Contributors - Issue 4
Click on the contributor in the table below to go to a brief biography and links where available.
Dick Allen’s newest collection, Present Vanishing: Poems, published in October 2008 by Sarabande Books, was awarded the 2009 Connecticut Book Award in Poetry. Sarabande also published his The Day Before: New Poems and Ode to the Cold War: Poems New and Selected. Allen has other new poems recently in or forthcoming in The New Criterion, Crab Orchard Review, Poetry, the New England Review, the New York Quarterly, The Georgia Review, and The American Scholar. He has received fellowships from the National Endowment for the Arts and the Ingram Merrill Foundation, as well as numerous other national poetry awards. As a scholarship student at Syracuse (1957-1961), he worked on The Daily Orange and was hanged in effigy for his activism as a student senator.
Kyle Bass is the author of The Boy Millerd (a.k.a. Wind in the Fields), which was a finalist for the Princess Grace Award and was featured at the Great Plains Theatre Conference, where it received a staged reading hosted by Edward Albee. His other plays have been produced by the Kitchen Theatre, Appleseed Productions, Armory Square Playhouse, and the Syracuse Stage Backstory! program. Bass’s work has appeared in CNY Magazine, Stone Canoe, and Callaloo, and has been nominated for the Pushcart Prize. A New York Foundation for the Arts (NYFA) Fellow, he teaches playwriting at Syracuse University and in the M.F.A. creative writing program at Goddard College. He is the Resident Dramaturg at Syracuse Stage and holds an M.F.A. from Goddard College.
Bruce Bennett is professor of English and director of creative writing at Wells College in Aurora, New York. His recent publications include a chapbook, Visitation: A Sequence of Sonnets (FootHills Publishing, 2009), and two books, Something Like Karma (Clandestine Press, 2009) and Subway Figure (Orchises, 2009).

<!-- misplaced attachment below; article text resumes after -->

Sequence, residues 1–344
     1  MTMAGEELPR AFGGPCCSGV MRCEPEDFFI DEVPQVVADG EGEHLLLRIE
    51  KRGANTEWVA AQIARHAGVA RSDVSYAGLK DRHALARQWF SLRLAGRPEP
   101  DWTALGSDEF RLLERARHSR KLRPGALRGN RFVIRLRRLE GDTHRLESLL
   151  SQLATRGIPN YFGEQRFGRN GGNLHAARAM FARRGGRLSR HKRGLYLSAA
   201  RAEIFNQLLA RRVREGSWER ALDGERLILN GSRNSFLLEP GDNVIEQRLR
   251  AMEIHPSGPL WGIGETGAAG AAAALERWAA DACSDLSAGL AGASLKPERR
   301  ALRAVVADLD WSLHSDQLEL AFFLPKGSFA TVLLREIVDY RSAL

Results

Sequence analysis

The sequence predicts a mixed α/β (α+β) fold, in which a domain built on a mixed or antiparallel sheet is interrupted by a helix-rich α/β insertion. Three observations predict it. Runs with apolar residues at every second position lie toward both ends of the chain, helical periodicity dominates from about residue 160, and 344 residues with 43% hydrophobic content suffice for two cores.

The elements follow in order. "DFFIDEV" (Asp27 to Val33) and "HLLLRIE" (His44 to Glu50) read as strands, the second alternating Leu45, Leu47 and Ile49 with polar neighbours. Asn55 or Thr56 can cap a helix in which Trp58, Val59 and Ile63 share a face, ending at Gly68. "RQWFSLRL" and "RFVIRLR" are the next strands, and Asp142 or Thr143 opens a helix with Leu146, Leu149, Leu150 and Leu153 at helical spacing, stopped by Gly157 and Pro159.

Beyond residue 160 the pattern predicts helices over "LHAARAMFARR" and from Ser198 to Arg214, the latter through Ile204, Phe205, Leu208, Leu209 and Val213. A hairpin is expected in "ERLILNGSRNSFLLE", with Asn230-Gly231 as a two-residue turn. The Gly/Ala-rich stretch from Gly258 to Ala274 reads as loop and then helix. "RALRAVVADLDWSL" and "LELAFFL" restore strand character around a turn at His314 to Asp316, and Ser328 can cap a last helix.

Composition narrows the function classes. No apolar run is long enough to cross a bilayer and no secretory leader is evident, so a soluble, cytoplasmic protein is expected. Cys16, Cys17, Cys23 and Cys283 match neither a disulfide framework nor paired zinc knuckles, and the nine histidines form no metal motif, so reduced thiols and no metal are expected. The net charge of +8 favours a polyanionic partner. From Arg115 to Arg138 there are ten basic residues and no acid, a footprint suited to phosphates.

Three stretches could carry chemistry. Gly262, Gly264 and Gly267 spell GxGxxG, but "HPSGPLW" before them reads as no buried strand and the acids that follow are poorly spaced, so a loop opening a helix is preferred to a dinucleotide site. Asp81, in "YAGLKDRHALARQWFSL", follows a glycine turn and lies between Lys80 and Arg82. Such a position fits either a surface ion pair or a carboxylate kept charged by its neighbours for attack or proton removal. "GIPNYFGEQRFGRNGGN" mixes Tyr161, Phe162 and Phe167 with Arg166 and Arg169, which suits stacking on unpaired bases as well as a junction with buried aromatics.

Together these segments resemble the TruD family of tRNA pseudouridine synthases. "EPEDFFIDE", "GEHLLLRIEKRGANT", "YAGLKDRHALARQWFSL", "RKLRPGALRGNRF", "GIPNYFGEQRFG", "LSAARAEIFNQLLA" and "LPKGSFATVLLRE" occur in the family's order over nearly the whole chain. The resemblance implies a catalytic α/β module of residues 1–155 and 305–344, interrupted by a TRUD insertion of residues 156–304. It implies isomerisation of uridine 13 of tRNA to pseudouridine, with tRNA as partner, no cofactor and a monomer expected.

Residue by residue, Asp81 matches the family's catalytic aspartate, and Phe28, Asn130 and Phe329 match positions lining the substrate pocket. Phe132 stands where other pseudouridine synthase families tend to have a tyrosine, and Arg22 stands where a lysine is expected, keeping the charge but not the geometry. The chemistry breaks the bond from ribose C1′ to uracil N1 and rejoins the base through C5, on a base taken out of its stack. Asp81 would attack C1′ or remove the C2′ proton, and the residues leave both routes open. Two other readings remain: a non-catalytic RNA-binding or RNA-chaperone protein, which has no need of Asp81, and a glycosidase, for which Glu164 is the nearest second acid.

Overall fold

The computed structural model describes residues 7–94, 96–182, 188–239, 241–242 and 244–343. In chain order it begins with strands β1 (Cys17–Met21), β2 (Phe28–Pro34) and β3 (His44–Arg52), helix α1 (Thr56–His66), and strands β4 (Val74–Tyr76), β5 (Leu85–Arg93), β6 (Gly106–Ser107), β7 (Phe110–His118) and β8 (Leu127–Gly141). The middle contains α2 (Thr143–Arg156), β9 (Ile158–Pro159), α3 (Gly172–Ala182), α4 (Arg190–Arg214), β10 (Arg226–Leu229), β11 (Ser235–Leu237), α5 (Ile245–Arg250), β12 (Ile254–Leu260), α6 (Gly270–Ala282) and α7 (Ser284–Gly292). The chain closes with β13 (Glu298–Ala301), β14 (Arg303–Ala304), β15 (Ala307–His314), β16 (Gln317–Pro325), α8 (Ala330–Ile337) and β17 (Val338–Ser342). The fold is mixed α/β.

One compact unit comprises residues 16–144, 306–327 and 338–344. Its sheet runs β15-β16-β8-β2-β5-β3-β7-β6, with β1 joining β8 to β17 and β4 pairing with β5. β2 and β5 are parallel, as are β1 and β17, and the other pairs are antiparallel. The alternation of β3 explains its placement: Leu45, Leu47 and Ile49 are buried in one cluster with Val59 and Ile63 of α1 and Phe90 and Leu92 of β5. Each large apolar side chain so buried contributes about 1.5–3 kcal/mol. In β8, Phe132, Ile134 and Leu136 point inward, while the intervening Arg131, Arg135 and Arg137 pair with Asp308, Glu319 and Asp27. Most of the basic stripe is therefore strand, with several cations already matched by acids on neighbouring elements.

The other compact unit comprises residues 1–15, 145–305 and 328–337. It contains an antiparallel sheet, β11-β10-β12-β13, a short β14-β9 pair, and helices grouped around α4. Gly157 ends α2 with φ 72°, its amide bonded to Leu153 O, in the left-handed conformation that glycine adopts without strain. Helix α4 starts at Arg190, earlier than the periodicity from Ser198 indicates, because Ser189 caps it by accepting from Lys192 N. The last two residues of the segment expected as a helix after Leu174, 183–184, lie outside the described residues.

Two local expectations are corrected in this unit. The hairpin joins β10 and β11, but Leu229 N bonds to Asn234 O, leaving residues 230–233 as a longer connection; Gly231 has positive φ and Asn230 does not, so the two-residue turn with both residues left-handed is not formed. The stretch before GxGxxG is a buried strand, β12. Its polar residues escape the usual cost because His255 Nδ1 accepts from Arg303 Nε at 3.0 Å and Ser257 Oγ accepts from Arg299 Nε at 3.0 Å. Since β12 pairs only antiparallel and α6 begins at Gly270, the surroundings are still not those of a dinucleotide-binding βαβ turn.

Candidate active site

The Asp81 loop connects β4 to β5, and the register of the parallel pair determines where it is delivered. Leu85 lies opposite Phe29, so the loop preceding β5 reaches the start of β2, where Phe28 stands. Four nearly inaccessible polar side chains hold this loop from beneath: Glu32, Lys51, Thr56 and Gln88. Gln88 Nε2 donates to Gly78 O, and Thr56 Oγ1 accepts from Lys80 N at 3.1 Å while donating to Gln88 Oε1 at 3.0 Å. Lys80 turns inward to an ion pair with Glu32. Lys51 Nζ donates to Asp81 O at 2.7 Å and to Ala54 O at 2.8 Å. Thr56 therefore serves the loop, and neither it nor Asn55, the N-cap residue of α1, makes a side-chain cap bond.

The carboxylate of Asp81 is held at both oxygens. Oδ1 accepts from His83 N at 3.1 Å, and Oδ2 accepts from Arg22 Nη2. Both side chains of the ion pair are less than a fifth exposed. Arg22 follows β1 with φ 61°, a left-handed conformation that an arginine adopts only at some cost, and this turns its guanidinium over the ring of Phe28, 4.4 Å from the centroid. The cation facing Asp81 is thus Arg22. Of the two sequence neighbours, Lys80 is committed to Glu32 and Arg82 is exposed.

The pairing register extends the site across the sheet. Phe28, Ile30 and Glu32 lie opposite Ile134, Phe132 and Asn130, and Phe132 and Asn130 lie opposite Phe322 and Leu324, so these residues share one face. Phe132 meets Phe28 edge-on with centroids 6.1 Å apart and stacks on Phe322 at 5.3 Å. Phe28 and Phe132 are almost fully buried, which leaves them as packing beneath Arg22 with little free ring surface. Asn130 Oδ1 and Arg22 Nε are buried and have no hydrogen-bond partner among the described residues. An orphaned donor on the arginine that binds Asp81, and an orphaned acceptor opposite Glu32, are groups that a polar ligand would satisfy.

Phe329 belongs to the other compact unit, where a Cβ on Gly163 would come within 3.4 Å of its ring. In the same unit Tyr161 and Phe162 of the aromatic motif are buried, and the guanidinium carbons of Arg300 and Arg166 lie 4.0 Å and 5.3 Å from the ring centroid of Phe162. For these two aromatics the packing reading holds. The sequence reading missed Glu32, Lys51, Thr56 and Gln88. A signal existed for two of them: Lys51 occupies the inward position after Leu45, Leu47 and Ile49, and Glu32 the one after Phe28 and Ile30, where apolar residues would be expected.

Peter T. Bennett was born in 1946 in Syracuse and lived in Fayetteville, New York, until 1962. His first art classes were community-based programs offered in the 1950s through the old Everson Museum. He has worked in multiple disciplines since 1970, including photography, video, painting, drawing, and textile collage. His current body of work, “The Artist,” graphite on paper, is a merging of numerous historical narratives that draw on post-war Atomic Age toys, European art history, 20th century American industrialization, and the armor of feudal Japan. These drawings are an imaginary dialogue with visual artists from history, who in turn influence the content and intent of the work. He currently lives in Maine.
Harriet N. Brown is assistant professor of magazine journalism at Syracuse University’s Newhouse School of Public Communications. She is editor of two anthologies (Feed Me! and Mr. Wrong, both published by Ballantine Books) and author of an upcoming book on anorexia, which HarperCollins will publish in fall 2010. Her poems, essays, and features have appeared in The New York Times, Health, Ms., Glamour, Vogue, and many other publications. She will serve as nonfiction editor of Stone Canoe for issue Number 5.
Yvonne Buchanan’s media works have been screened at a number of noted film festivals, both in the U.S. and abroad. She currently teaches illustration and narrative drawing at Syracuse University, and her illustration work has been shown at the Society of Illustrators in New York, the Norman Rockwell Museum, and The Studio Museum in Harlem. Buchanan received her B.F.A. in illustration from Parsons School of Design and her M.F.A. in film/video from Bard College.
Julia Calagiovanni is a senior at West Genesee High School in Camillus, New York, where she edits the school paper. She studied creative writing at the 2009 Iowa Young Writers’ Studio at the University of Iowa. Her writing has appeared in Johns Hopkins’ Imagine magazine and The Post-Standard’s “Voices” teen page. She plans to attend college in the fall of 2010 to study English.